Hurricane season calls for prayer and preparation

People wait in line to purchase propane gas in Boca Raton, Fla., Sept. 6. Hurricane Irma is scheduled to hit the Sunshine State Sept. 9. (CNS photo/Joe Skipper, Reuters)

As dangerous and deadly Hurricane Irma makes landfall in Florida on Sunday, workers with Catholic Charities are planning their response if the storm hits anywhere in South Carolina.

Catholic Charities staff members held a planning meeting on Thursday, Sept. 7, to coordinate their response.

“We’re just going to be monitoring the situation over the weekend, and preparing to respond to whatever scenario unfolds,” said Kelly Kaminski, regional

This infrared image of Hurricane Irma was captured at roughly 3:40 a.m. Eastern on Sept. 10, 2017, about 20 minutes before the National Hurricane Center’s 4 am EDT Public Advisory. The advisory from NHC reported that Hurricane Irma was a Category 4 storm and was about 55 miles SSE of Key West, Fla., in the Straits of Florida, with maximum sustained winds of 130 mph.

coordinator for Catholic Charities in the Pee Dee and director of disaster services for the agency.

If the agency is called upon to help after Irma, it would be the third year in a row it has played a major part in assisting storm victims. They helped people in the Midlands and Pee Dee region who were affected by the massive floods of 2015, and are still aiding many whose homes were destroyed or damaged by Hurricane Matthew last year.

Irma’s track has turned farther to the west since Friday, taking some of the anticipated danger away from South Carolina, but because of the storm’s size, many counties in the state can still expect to see high winds, coastal flooding and a risk of tornadoes beginning Monday, officials said.

Gov. Henry McMaster ordered an evacuation of residents from barrier islands in Colleton, Jasper and Beaufort counties because of storm surges that could be as high as six feet. The evacuation order includes Ediston Beach in Colleton County; Hilton Head Island, Harbour Island, Hunting Island, Dafuskie and Fripp Islands in Beaufort County; and Knowles and Tullifini Islands in Jasper County.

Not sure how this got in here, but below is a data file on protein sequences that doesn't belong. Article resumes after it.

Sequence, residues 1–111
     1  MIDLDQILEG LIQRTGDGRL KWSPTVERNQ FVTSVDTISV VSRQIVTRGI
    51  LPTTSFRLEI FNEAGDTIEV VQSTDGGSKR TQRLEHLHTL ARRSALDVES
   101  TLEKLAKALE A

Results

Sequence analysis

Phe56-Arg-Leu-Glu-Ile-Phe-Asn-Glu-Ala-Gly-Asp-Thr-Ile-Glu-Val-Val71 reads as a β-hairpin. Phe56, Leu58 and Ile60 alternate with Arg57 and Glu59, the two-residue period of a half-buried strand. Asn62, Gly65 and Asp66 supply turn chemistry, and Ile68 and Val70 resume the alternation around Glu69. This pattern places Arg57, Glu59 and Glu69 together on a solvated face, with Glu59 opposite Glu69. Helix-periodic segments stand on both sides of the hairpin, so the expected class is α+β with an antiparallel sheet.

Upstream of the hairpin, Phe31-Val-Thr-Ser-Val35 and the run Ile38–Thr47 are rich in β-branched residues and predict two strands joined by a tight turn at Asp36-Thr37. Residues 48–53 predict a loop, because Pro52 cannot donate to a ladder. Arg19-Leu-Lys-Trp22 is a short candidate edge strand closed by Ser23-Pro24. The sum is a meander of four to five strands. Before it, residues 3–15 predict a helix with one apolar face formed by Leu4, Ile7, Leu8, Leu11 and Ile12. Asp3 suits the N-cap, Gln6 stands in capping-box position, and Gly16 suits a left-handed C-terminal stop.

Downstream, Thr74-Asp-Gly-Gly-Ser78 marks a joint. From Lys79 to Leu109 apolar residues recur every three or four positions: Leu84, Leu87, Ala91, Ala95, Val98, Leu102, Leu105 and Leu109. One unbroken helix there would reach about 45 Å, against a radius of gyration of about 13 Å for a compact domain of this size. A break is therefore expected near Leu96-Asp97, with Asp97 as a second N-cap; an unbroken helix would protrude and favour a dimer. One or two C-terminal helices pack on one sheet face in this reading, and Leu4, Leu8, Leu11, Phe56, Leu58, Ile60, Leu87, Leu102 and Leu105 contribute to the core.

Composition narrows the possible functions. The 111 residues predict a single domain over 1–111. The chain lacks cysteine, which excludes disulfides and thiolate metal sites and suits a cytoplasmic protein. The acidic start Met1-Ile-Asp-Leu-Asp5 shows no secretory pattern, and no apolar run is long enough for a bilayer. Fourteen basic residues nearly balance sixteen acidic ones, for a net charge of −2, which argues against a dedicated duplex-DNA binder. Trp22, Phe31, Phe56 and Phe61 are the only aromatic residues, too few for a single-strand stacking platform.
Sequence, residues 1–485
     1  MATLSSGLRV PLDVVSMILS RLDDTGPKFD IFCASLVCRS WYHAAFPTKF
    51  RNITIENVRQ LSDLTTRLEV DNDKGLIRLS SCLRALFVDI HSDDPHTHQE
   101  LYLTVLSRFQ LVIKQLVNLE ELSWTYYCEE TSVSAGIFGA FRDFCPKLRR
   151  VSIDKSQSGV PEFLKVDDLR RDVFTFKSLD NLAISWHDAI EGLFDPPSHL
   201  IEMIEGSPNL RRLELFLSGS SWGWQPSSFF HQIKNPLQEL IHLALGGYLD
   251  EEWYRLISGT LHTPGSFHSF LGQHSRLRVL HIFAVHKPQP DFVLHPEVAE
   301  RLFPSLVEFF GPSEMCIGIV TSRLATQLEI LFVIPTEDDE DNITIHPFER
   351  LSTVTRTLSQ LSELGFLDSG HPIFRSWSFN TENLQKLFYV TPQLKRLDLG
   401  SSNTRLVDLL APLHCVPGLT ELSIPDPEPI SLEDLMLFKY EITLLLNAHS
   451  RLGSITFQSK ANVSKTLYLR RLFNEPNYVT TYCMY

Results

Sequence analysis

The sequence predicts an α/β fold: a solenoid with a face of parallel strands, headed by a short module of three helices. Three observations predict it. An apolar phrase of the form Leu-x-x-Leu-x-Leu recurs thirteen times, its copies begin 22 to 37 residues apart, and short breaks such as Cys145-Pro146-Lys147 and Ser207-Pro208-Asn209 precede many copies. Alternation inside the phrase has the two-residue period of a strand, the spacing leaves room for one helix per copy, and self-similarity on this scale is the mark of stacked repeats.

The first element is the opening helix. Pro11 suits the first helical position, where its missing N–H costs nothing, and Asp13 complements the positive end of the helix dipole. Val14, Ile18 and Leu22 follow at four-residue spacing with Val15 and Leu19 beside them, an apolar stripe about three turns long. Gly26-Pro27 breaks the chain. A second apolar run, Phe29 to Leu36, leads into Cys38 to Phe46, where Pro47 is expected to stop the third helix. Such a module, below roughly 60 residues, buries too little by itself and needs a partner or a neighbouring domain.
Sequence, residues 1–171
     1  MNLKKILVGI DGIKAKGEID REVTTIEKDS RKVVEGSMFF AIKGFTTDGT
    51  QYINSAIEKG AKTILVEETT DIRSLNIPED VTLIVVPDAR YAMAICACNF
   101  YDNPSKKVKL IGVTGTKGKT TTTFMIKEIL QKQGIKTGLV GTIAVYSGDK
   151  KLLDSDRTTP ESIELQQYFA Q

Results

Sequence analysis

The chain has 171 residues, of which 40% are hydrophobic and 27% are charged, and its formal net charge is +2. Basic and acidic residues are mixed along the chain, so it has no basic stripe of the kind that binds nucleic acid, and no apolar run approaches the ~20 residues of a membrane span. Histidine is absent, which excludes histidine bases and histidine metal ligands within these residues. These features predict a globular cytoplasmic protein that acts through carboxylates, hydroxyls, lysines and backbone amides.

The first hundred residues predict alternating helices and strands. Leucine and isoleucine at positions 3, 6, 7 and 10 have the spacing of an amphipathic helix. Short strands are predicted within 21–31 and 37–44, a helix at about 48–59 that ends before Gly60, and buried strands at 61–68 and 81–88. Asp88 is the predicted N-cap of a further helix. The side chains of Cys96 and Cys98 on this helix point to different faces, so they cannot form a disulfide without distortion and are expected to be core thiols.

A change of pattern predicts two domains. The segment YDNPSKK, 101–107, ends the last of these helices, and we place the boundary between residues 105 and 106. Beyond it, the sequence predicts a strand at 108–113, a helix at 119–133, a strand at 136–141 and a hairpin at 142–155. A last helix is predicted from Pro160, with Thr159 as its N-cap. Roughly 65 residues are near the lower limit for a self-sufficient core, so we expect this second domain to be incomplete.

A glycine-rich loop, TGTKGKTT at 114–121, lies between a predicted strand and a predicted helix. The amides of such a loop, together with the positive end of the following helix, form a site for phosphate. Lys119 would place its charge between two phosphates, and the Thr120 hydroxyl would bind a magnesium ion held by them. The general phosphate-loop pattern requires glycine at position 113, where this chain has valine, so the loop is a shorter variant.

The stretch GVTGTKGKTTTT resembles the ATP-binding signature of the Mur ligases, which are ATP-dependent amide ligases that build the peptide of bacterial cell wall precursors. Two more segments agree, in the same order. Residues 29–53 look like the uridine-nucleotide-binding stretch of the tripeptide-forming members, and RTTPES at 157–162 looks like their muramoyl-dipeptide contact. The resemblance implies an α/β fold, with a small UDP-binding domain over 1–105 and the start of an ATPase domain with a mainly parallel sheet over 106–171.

As of Sunday afternoon, McMaster said the evacuations have gone well. By the end of the day Sunday, 22 shelters will be available to assist both state residents and evacuees from Florida and elsewhere who might need a placd to stay. Many of the shelters will be Williamsburg and Clarendon counties.

Storm surges from Irma will be felt along the coast from 10 a.m. to 4 p.m. Monday from Charleston County south. Coastal flooding could also affect counties on the northern coast.

Emergency officials are reminding state residents from the coast to the Midlands that Irma is hundreds of miles wide. Wind, rain and possible flooding from the storm could be felt well inland.

Because of the storm’s potential wide reach through the state, Kaminski said all Catholic Charities employees have been activated for disaster response work anywhere in the state.

Diocesan offices were shut down late Thursday afternoon in advance of the storm and will be closed until further notice.

While state and diocesan officials work to coordinate their own responses to Irma, there are important things everyone should do if they are in areas that could possibly be affected by a hurricane. Irma is the first major storm to threaten South Carolina in what is expected to be an unusually busy storm season. Hurricane season begins June 1 and runs through Nov. 30.

Earlier in the month, Kaminski prepared a list of storm preparation tips. Here is a look at the information she put together as well as some other suggestions to get ready for hurricanes.